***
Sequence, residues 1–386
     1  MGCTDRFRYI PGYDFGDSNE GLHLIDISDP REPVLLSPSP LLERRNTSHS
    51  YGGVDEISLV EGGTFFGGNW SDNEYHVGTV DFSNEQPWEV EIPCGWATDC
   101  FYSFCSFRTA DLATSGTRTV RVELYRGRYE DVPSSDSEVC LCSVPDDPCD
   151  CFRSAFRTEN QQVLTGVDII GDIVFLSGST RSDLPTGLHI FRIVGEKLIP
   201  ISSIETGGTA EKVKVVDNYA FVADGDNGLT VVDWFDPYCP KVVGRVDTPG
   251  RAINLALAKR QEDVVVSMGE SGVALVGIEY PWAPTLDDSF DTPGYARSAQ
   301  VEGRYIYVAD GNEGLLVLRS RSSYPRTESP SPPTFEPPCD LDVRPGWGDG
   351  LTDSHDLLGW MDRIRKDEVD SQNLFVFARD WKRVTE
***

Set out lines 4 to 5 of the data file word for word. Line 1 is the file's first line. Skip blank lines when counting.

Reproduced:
   101  FYSFCSFRTA DLATSGTRTV RVELYRGRYE DVPSSDSEVC LCSVPDDPCD
   151  CFRSAFRTEN QQVLTGVDII GDIVFLSGST RSDLPTGLHI FRIVGEKLIP